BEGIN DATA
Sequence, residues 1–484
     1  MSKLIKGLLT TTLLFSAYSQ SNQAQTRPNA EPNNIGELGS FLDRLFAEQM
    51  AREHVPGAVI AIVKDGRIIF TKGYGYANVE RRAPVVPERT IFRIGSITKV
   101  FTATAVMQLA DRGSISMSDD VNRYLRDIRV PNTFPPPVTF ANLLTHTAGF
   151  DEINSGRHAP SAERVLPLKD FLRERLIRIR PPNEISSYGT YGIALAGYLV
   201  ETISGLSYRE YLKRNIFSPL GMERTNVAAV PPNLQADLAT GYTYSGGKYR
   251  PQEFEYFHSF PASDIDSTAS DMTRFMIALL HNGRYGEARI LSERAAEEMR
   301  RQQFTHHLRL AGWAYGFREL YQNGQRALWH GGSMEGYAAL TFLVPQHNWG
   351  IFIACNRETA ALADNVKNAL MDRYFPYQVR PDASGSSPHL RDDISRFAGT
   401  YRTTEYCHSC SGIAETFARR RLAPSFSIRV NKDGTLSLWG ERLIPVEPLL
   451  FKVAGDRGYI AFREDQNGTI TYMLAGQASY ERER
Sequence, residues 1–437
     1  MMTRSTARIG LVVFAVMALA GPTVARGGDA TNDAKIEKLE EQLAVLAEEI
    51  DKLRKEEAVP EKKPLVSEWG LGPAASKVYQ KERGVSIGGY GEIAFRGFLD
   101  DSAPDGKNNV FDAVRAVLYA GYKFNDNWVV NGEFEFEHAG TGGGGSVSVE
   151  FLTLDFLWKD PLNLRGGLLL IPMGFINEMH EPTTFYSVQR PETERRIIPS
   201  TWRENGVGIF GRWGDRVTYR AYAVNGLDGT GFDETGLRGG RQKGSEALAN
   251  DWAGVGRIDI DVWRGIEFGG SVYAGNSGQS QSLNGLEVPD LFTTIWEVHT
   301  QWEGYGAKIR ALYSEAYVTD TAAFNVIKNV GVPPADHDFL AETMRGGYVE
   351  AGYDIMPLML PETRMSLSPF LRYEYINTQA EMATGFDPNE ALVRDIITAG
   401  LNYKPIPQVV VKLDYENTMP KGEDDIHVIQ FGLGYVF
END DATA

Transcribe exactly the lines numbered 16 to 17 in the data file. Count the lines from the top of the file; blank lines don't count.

   151  FLTLDFLWKD PLNLRGGLLL IPMGFINEMH EPTTFYSVQR PETERRIIPS
   201  TWRENGVGIF GRWGDRVTYR AYAVNGLDGT GFDETGLRGG RQKGSEALAN